Worked on a budget for a writing workshop
Continued to plan with a friend for a writing workshop
Assembled and posted a submission packet
Mentally plotted a historical novel I will never write
Mentally planned when I will get on to my next WIP
Printed a 315 page MS (#@!@~&!! printer!)

All of those things are part and parcel of writer-me. They may not be essential to getting words on the page, but they are critical to my development as a writer - it's career development.

Do they count? I feel they're important.

But I suspect that sometimes only words on the page will do.

Monday, April 11, 2005

Yes, this IS designed to make you jealous...

Places I have been today:-

Larch Cottage Nursery Gardens

Brougham Hall

Brough Castle

Brougham Castle


Sunday, April 10, 2005

Thank you!

I wanted to pop in to say thank you for all the birthday wishes! I feel slightly ill from too much chocolate, so I think that sets the seal on a successful day...

So thank you Bronwyn, Julie, Mel, Kathy, Jorie, Michelle, Jaye and Nell!

Birthday Bitch

Ten essential things to create the perfect birthday.

1) Tea in bed. (Well, in a cup, but served to you while YOU are in bed...)

2) Husband taking less than 50 minutes to call you Birthday Bitch for the first time. I get warm feelings from the wonderful, inventive insults Husband dishes out. I am NOT being sarcastic. I actually do.

3) Chocolate

4) Wine

5) Cream cakes for breakfast, and knowing your brand-new bread machine is on its way. Let the good doughs roll.

6) A cat to play with the wrapping paper.

7) Music. This year's selection is from Biddy's Big Country radio show and features.... The Kenny.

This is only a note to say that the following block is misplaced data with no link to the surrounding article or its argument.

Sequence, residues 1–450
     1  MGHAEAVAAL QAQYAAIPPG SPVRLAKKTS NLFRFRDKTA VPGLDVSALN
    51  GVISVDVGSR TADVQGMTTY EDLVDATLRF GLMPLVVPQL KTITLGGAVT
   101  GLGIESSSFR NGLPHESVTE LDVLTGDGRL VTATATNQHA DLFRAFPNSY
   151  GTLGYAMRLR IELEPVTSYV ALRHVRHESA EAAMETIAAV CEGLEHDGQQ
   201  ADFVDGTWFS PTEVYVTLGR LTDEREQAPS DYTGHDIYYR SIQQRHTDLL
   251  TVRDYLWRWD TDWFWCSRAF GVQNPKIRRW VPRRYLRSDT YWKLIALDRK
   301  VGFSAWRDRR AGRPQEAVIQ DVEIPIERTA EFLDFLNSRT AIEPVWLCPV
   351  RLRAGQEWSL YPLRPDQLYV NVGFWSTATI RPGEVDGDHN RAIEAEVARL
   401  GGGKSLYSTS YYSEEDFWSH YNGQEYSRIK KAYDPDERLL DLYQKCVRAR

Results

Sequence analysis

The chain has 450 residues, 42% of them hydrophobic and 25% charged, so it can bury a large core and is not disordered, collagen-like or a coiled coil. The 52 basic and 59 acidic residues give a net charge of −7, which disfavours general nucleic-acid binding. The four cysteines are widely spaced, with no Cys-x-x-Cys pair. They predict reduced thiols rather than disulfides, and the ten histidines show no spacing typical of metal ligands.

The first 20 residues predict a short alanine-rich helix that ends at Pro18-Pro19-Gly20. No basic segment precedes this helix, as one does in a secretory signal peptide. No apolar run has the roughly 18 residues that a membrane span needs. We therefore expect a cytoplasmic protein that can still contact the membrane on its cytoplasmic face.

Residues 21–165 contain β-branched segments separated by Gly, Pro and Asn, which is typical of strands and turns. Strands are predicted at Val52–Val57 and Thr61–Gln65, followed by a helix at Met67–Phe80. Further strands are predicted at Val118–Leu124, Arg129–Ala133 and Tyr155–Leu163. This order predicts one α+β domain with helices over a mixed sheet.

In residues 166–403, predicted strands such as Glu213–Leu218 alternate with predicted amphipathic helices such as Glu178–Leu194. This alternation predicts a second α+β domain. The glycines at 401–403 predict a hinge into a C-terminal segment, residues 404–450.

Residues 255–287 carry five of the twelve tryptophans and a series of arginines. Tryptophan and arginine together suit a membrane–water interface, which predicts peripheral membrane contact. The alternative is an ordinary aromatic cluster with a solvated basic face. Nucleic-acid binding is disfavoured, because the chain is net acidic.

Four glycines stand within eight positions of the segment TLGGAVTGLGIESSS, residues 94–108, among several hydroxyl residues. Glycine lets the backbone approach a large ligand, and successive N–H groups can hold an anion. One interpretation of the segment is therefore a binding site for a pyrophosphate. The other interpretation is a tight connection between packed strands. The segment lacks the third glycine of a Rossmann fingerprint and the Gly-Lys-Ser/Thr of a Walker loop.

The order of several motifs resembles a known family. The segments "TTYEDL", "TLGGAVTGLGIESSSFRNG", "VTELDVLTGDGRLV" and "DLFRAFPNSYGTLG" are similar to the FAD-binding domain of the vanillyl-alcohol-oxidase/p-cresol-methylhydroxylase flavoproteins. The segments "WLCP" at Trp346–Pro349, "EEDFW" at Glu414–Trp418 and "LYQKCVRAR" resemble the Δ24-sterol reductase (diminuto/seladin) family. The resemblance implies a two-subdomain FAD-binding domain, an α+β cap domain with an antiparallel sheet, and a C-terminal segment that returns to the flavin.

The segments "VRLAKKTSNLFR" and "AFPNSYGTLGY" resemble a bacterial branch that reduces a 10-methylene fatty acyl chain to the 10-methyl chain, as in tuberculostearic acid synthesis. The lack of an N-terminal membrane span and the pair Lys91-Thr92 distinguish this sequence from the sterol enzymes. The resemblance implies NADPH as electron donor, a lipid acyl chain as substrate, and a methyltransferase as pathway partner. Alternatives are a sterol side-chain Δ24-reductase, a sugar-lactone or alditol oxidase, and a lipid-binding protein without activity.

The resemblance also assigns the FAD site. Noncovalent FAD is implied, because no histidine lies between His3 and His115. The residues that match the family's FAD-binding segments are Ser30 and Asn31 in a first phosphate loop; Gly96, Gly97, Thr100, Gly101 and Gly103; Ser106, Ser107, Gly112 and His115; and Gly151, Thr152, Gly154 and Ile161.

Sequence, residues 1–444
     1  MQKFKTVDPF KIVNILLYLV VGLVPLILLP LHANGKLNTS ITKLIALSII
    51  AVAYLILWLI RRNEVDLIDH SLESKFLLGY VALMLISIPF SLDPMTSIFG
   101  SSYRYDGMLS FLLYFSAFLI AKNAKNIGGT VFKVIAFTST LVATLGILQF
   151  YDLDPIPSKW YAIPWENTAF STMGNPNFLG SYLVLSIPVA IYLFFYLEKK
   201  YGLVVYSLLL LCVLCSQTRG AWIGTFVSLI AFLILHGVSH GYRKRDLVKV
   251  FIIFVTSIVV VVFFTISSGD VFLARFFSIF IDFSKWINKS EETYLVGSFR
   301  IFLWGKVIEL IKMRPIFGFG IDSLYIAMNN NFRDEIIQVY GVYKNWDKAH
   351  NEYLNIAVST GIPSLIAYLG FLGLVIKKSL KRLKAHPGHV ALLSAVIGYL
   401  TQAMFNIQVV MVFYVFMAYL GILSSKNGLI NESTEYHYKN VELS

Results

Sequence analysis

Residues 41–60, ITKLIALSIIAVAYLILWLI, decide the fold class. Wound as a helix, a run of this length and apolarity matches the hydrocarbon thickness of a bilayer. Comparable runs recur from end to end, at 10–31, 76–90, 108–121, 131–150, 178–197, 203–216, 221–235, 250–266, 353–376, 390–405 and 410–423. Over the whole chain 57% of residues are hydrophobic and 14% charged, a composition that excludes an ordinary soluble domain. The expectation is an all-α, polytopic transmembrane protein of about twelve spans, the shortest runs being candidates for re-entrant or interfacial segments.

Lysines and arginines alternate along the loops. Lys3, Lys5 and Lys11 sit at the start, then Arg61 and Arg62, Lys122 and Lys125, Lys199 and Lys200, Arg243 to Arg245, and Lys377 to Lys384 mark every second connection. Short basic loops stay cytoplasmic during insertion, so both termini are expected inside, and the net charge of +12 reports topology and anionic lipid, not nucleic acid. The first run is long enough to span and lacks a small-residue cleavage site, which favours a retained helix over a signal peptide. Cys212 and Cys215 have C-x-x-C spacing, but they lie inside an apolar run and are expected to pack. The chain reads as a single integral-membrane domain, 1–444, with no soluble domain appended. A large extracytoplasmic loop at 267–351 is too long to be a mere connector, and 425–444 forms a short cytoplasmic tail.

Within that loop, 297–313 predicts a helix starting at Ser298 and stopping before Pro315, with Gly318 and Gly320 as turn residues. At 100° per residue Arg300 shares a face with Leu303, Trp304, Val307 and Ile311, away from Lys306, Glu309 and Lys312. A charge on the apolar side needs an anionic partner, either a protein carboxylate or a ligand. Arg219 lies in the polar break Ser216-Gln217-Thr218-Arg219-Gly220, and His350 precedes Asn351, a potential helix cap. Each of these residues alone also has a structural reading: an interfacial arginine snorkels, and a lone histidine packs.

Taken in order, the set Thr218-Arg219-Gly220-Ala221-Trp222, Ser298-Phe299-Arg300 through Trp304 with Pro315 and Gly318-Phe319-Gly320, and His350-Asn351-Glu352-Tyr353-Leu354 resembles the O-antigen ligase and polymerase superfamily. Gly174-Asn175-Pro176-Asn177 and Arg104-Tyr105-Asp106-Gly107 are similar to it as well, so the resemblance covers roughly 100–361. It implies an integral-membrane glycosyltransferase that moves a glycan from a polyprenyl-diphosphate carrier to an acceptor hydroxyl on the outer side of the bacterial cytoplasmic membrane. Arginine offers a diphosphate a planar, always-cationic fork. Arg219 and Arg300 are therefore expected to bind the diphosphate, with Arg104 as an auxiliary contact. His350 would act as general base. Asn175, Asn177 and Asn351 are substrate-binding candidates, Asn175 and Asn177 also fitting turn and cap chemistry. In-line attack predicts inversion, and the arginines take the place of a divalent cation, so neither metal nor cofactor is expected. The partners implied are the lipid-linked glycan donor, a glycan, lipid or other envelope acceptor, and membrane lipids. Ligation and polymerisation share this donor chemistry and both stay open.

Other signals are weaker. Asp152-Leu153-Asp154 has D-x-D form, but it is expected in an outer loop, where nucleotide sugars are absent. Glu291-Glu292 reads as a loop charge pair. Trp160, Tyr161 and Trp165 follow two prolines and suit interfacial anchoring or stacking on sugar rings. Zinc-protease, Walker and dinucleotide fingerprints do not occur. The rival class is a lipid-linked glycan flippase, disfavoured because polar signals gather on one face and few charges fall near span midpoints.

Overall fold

8) Jewelry from Pilgrim

9) A pashmina which appears to have been made from the shaded golden-greens of an ancient forest, spun into silk and draped like a benediction over your reverent shoulders.

10) A romance book that actually makes your heart race and brings tears to your eyes. This year brought to you by Bronwyn Jameson's "A Tempting Engagement" from Desire. One of those books that provokes equal parts starry eyed joy in the writing and head-beating frustration that you're so far off that high pinnacle yourself.

Saturday, April 09, 2005

Finishing the journey


And it's only taken me eleven hours....

But I'm done.

*tired yay*

Charting a journey...

Well, I have a journey in my blessedly finished MS, but now I have to summarise it.

I have a chapter by chapter synopsis to write.

(It's about here that I start doing an impression of a cat hacking up a furrball.)

Tomorrow, it's my birthday. By tomorrow, I want to have the entire submission packet together, in an envelope, so I can forget about it until it hits the post on Monday.

It's amazing how attractive the thought of tasks like... oh, I don't know... scrubbing cat urine off the wallpaper?... becomes at a time like this.

The cleaning can wait. The synopsis cannot.

Wednesday, April 06, 2005

In search of the journey

We went to the theatre tonight.

We will draw a veil over the whole 'dragging Husband to something cultural' achievement. It is enough to say, we went to the theatre and pause for a moment to consider the triumph this represents....

The production was good - we enjoyed ourselves. We laughed at the right moments, tut-tutted when we were supposed to and nodded sagely when that was called for, too.

But we left feeling dissatisfied.